A 2019 Northwestern Mutual study found 90% of Americans don’t think they’ll have enough money to retire. But the average household doesn’t need to be so insecure … the BLS survey reveals that American households are saving $704 per month.
Here’s what that could look like over a 30-year period if invested well.
In other words, monthly savings of $720 will grow to $250,000 if it’s kept in a checking account for 30 years. Invest it? It’ll grow to $1.5 million in the same amount of time.
As long as household savings are invested wisely, most Americans will end up with a sizable nest egg. There’s also social security, insurance, and pensions that aren’t included in these numbers. Bottom line, the data is much stronger than American confidence. C’mon America!
If you want to learn more about what “investing well” means, check out MoneyLemma’s post on why 401ks exist.
How comparing household budgets can help you
I, for one, would love to know what my neighbors are spending on canned ham or ripped jeans. That urge is more than just curiosity — it’s research. Hard data can provide some context for budgeting; it’s a frame of reference.
For example, let’s say you are looking to tighten your pursestrings and save a little more. You’re reviewing your expense habits and figure you spend $2,000 per year on clothes. Is that a lot? A little? Everything in personal finance is relative and subjective, so it’s hard to say. Benchmarking, though, can help you arrive at a conclusion with confidence.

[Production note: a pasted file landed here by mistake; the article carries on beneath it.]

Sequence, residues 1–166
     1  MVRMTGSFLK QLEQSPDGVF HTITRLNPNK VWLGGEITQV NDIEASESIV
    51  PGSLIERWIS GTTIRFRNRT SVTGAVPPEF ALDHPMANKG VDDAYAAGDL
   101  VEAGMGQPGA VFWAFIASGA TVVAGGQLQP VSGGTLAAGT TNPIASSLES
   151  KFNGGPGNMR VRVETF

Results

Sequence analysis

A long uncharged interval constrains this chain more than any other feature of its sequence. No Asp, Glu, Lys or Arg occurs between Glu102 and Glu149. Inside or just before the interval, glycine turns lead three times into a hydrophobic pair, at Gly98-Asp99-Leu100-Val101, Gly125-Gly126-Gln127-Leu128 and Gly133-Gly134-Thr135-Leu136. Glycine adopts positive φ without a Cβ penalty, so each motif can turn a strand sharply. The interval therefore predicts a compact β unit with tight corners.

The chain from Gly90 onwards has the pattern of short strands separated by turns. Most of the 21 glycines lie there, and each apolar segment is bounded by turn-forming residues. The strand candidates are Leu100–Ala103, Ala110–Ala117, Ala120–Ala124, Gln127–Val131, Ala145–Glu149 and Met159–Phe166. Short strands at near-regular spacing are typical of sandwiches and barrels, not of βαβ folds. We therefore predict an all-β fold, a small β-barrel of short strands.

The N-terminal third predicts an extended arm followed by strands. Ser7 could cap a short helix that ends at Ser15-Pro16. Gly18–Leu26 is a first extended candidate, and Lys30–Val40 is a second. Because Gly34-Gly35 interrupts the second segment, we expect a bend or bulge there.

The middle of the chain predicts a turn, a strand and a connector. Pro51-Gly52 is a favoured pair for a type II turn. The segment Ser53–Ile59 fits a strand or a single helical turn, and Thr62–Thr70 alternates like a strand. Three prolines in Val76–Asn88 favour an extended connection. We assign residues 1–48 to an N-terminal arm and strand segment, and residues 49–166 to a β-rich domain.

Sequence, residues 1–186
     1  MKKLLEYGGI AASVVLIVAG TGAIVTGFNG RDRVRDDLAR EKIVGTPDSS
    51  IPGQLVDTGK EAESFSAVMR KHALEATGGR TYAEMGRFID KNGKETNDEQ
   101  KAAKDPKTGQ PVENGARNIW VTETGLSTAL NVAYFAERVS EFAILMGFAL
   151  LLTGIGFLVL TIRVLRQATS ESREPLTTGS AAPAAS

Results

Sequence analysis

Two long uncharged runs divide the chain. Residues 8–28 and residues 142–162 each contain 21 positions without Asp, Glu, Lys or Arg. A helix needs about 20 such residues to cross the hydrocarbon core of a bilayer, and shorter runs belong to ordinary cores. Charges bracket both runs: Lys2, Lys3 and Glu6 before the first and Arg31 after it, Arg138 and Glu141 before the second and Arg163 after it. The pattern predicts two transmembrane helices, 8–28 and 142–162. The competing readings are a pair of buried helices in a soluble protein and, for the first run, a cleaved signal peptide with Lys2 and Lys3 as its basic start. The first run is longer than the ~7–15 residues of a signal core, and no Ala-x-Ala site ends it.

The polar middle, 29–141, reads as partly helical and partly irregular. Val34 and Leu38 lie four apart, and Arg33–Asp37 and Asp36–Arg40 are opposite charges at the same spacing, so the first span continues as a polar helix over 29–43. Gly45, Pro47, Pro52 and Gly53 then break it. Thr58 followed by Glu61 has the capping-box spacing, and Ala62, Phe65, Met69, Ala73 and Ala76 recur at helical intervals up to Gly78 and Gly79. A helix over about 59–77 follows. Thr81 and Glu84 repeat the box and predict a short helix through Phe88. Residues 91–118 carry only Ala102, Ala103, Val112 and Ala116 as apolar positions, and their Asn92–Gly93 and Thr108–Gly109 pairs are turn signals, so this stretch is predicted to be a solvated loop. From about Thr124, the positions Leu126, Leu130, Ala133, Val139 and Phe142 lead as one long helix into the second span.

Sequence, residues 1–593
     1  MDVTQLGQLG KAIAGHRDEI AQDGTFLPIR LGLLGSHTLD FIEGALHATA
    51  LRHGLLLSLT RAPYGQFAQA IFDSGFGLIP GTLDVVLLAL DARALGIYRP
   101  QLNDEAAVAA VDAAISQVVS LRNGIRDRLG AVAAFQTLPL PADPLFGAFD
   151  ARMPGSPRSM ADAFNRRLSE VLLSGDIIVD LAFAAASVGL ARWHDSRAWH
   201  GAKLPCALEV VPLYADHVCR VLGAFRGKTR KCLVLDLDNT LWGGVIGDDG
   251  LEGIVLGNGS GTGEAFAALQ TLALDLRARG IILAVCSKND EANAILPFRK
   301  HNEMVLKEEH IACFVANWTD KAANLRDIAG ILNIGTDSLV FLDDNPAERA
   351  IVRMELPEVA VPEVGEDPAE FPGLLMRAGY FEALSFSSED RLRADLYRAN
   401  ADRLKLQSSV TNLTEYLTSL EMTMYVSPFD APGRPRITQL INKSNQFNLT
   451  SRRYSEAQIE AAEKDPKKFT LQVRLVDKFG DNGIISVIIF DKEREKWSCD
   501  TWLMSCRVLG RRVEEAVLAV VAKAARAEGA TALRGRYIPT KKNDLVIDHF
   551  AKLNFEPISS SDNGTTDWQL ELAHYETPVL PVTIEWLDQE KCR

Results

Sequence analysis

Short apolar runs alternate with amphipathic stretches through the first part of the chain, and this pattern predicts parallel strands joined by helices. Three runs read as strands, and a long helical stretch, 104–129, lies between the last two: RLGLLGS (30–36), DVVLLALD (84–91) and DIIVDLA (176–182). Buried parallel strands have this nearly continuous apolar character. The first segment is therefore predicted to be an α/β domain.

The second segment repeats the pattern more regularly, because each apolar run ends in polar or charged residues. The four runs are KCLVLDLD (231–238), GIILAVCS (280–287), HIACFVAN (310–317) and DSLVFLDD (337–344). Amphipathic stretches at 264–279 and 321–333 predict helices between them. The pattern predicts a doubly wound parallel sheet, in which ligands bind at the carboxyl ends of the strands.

Here’s a rough visual breakdown of the average American household’s apparel spending (with women’s clothing claiming the top spot):
This is a good start but might not be relevant to your household type, like if you’re living alone. Plus, discretionary spending is a function of income — the more disposable income, the more you can spend on clothes.
Here’s a breakout of apparel spending by single women based on income:
You’ll see that women who make less than $15,000 spend $557 a year on clothing. Women who earn $40,000 to $50,000 spend about twice that.
This kind of contextualizing can help you understand where you stand. If you spend a lot of money on clothes, that’s fine — but checking the data keeps you honest with yourself, which makes you more thoughtful about your decisions.
Where to get more data on Americans’ spending habits
Most of the data in this post comes from the US Bureau of Labor and Statistics (BLS) Consumer Expenditure Survey. They publish really detailed data. If you can’t be bothered to dig through their files for analysis, I don’t blame you (it’s boring), but even just googling or asking some peers about their normal household bills is better than nothing.
The goal of benchmarking as a budgeting method is to get an outside perspective. Even if you just ask one friend, or just google one statistic, it can help you get a little perspective. Even small efforts to be intentional and thoughtful can make a big difference — and this is not the first time I’ve ended a personal finance post on that point.
As a parting thought, here’s the answer to my burning question on our fellow Americans’ average spending on canned ham: $0.78 per year.
So, which out of these stats surprised you most? How does your spending stack up???
MoneyLemma writes about the overlap between your money and your world. Check out the MoneyLemma post archive.